Development of a Caenorhabditis elegans biosensor for monitoring environmental toxicants

Cristina Lagido, Jonathan Pettitt, Lesley Anne Glover

Research output: Contribution to conferenceAbstract

Abstract

We would like to use C. elegans as a biosensor for environmental toxins. We are investigating the feasibility of transforming C. elegans with luminescence reporter genes placed under constitutive promoters and of using light output to measure its metabolic status. We should then be able to assess how various xenobiotics affect C. elegans metabolism as measured by light output. Conversely, we should be able to detect toxins by their effect on bioluminescence. The most frequently used luminescence reporter genes are: the luc gene, cloned from the firefly Photinus pyralis, and the lux genes, from the marine bacteria Vibrio harveyi and Vibrio fisheri. The luc gene encodes an enzyme, firefly luciferase, which catalyses the oxidation of luciferin in a reaction that consumes ATP and produces light. Therefore, when the gene is expressed constitutively and luciferin is readily available, the light output is correlated to cellular ATP pools. The luxAB genes encode a bacterial luciferase which catalyses the oxidation of FMNH2\/NADH and a long-chain aliphatic aldehyde (e.g. n-decylaldehyde) resulting in light emission. Using these approaches metabolism can be linked to bioluminescence through the FMNH2\/NADH pools. Both luciferin and n-decylaldehyde have to be provided exogenously to the nematodes. Xenobiotics will disrupt the metabolism, leading to a decrease in the cellular energy reserves and consequently to a decrease in bioluminescence. Low concentrations of n-decylaldehyde proved to be toxic to C. elegans, hence we concentrated on the luc gene. This gene was fused to a let-858 promoter and injected into wildtype animals together with the pRF4 plasmid. Permeability of the substrate (luciferin) might pose a challenge to the development of bioluminescent nematodes. Once these are obtained , we will quantify their response to concentration ranges of different environmental toxins.
Original languageEnglish
Publication statusPublished - 1998
EventEuropean Worm Meeting - Hinxton, Cambridge, United Kingdom
Duration: 19 Feb 2018 → …

Conference

ConferenceEuropean Worm Meeting
CountryUnited Kingdom
CityHinxton, Cambridge
Period19/02/18 → …

Fingerprint

environmental monitoring
biosensors
Caenorhabditis elegans
toxic substances
luciferin
bioluminescence
genes
toxins
luminescence
luciferase
xenobiotics
reporter genes
metabolism
Photinus pyralis
promoter regions
Nematoda
oxidation
Lampyridae
Vibrio harveyi
Vibrio

Cite this

Lagido, C., Pettitt, J., & Glover, L. A. (1998). Development of a Caenorhabditis elegans biosensor for monitoring environmental toxicants. Abstract from European Worm Meeting, Hinxton, Cambridge, United Kingdom.

Development of a Caenorhabditis elegans biosensor for monitoring environmental toxicants. / Lagido, Cristina; Pettitt, Jonathan; Glover, Lesley Anne.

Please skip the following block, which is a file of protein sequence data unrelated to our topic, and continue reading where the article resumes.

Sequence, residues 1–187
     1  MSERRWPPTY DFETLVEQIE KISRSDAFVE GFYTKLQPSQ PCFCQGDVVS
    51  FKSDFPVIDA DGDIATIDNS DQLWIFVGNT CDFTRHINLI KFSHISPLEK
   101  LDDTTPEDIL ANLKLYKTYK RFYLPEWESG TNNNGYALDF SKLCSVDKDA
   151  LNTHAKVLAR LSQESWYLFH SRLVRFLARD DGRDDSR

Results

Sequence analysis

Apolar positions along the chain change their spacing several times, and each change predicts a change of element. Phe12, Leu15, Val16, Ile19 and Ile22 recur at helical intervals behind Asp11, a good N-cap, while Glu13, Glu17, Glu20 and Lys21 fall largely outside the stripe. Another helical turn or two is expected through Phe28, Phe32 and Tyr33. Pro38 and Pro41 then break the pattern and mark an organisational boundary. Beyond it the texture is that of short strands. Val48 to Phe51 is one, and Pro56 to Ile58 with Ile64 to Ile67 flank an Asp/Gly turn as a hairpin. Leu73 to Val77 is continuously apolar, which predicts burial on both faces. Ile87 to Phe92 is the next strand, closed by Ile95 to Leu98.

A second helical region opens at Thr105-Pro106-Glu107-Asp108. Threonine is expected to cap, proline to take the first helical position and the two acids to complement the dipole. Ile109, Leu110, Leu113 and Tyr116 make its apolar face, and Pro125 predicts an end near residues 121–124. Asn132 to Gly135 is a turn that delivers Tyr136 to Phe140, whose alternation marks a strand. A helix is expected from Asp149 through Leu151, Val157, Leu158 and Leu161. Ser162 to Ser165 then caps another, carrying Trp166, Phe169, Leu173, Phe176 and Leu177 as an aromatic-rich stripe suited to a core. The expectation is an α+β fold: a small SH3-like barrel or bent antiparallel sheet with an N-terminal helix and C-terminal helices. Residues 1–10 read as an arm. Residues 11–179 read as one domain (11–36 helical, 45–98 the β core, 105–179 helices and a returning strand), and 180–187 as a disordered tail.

1998. Abstract from European Worm Meeting, Hinxton, Cambridge, United Kingdom.

Research output: Contribution to conferenceAbstract

Lagido, C, Pettitt, J & Glover, LA 1998, 'Development of a Caenorhabditis elegans biosensor for monitoring environmental toxicants' European Worm Meeting, Hinxton, Cambridge, United Kingdom, 19/02/18, .
Lagido C, Pettitt J, Glover LA. Development of a Caenorhabditis elegans biosensor for monitoring environmental toxicants. 1998. Abstract from European Worm Meeting, Hinxton, Cambridge, United Kingdom.
Lagido, Cristina ; Pettitt, Jonathan ; Glover, Lesley Anne. / Development of a Caenorhabditis elegans biosensor for monitoring environmental toxicants. Abstract from European Worm Meeting, Hinxton, Cambridge, United Kingdom.
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AB - We would like to use C. elegans as a biosensor for environmental toxins. We are investigating the feasibility of transforming C. elegans with luminescence reporter genes placed under constitutive promoters and of using light output to measure its metabolic status. We should then be able to assess how various xenobiotics affect C. elegans metabolism as measured by light output. Conversely, we should be able to detect toxins by their effect on bioluminescence. The most frequently used luminescence reporter genes are: the luc gene, cloned from the firefly Photinus pyralis, and the lux genes, from the marine bacteria Vibrio harveyi and Vibrio fisheri. The luc gene encodes an enzyme, firefly luciferase, which catalyses the oxidation of luciferin in a reaction that consumes ATP and produces light. Therefore, when the gene is expressed constitutively and luciferin is readily available, the light output is correlated to cellular ATP pools. The luxAB genes encode a bacterial luciferase which catalyses the oxidation of FMNH2\/NADH and a long-chain aliphatic aldehyde (e.g. n-decylaldehyde) resulting in light emission. Using these approaches metabolism can be linked to bioluminescence through the FMNH2\/NADH pools. Both luciferin and n-decylaldehyde have to be provided exogenously to the nematodes. Xenobiotics will disrupt the metabolism, leading to a decrease in the cellular energy reserves and consequently to a decrease in bioluminescence. Low concentrations of n-decylaldehyde proved to be toxic to C. elegans, hence we concentrated on the luc gene. This gene was fused to a let-858 promoter and injected into wildtype animals together with the pRF4 plasmid. Permeability of the substrate (luciferin) might pose a challenge to the development of bioluminescent nematodes. Once these are obtained , we will quantify their response to concentration ranges of different environmental toxins.

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